In honor of National Heart Health Awareness Month, Intermountain Dixie Regional Medical Center is hosting a free heart health education seminar on Wednesday, February 26 from 10:30 a.m. to 12:30 p.m.

The public is invited to the Intermountain SelectHealth Auditorium, 1424 E. Foremaster Drive, to learn from Intermountain heart experts. Topics include how you can keep your heart healthy and reduce your risk of developing heart disease, the leading killer of  both men and women.

Anyone may be at risk for developing heart disease, but people can take steps to reduce their risk by maintaining healthy habits, knowing their numbers (blood pressure, glucose and body weight), and learning more about heart health.

“With February being National Heart Health Month,” said Arne Olsen, MD, a vascular surgeon at Intermountain Dixie Regional Medical Center. “This seminar will give our community a chance to learn from some of our cardiovascular experts at Dixie Regional, and discover ways to improve heart health and live the healthiest life possible.”

Dr. Olsen will speak on new and advanced techniques in vascular surgery available at Dixie Regional. Vascular surgery works with the blood vessels outside of the heart to help treat vascular diseases. Dr. Olsen works in conjunction with cardiologists and cardiac surgeons to help keep the heart and all the blood vessels healthy.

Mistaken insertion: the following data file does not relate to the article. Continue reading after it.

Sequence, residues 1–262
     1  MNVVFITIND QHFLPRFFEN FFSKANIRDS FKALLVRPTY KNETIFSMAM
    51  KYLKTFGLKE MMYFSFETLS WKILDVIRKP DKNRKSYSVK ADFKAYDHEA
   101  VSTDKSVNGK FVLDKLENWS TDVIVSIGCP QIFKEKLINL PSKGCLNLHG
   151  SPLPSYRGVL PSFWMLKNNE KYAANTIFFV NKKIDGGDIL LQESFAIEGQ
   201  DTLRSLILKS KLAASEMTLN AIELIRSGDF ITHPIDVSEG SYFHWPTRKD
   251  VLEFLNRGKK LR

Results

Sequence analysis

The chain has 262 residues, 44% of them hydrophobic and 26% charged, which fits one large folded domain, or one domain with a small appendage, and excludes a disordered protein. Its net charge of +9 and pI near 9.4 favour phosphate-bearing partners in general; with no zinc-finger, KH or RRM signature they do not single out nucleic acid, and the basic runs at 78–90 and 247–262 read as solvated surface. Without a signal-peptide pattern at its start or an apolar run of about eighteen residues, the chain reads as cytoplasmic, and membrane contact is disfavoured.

This year, Dixie Regional’s structural heart program director, Blake Gardner, MD, will speak about a new, minimally invasive heart procedure at Dixie Regional called the left atrial appendage closure (LAAC). This procedure will help patients who are at risk for stroke and cannot take long-term blood thinners.

“The structural heart world is growing, and we need to be able to offer this procedure to the community,” said Dr. Gardner. “Not everyone will qualify, but it can still help a large portion of our local population.”

Tom Burkart, MD, who specializes in electrophysiology at Dixie Regional, will speak about electrophysiology procedures and atrial fibrillation. “The last 30 years have seen rapid advancements in the diagnosis, risk assessment and treatment of cardiac arrhythmias (abnormal heart rhythms),” said Dr. Burkhart. “New ablation technology creates a precise mapping of the heart to identify the origin of the arrhythmia by using targeted radio frequency energy therapy or freezing technology to treat the cause as opposed to long-term drug therapy.”

The event will also start with a special unveiling of artwork created by Utah artists for the Go Red with heART Tour coordinated by Intermountain and the American Heart Association.

Each original artwork represents the theme of woman and heart disease. This tour started at Intermountain Medical Center and has toured multiple Intermountain hospitals across Utah since January 14. Dixie Regional Medical Center is the final stop of these art pieces, which will be on display in the hospital until March 4.

For more information about the Heart Health Seminar or the Go Red with heART Tour, call 435-251-2159.

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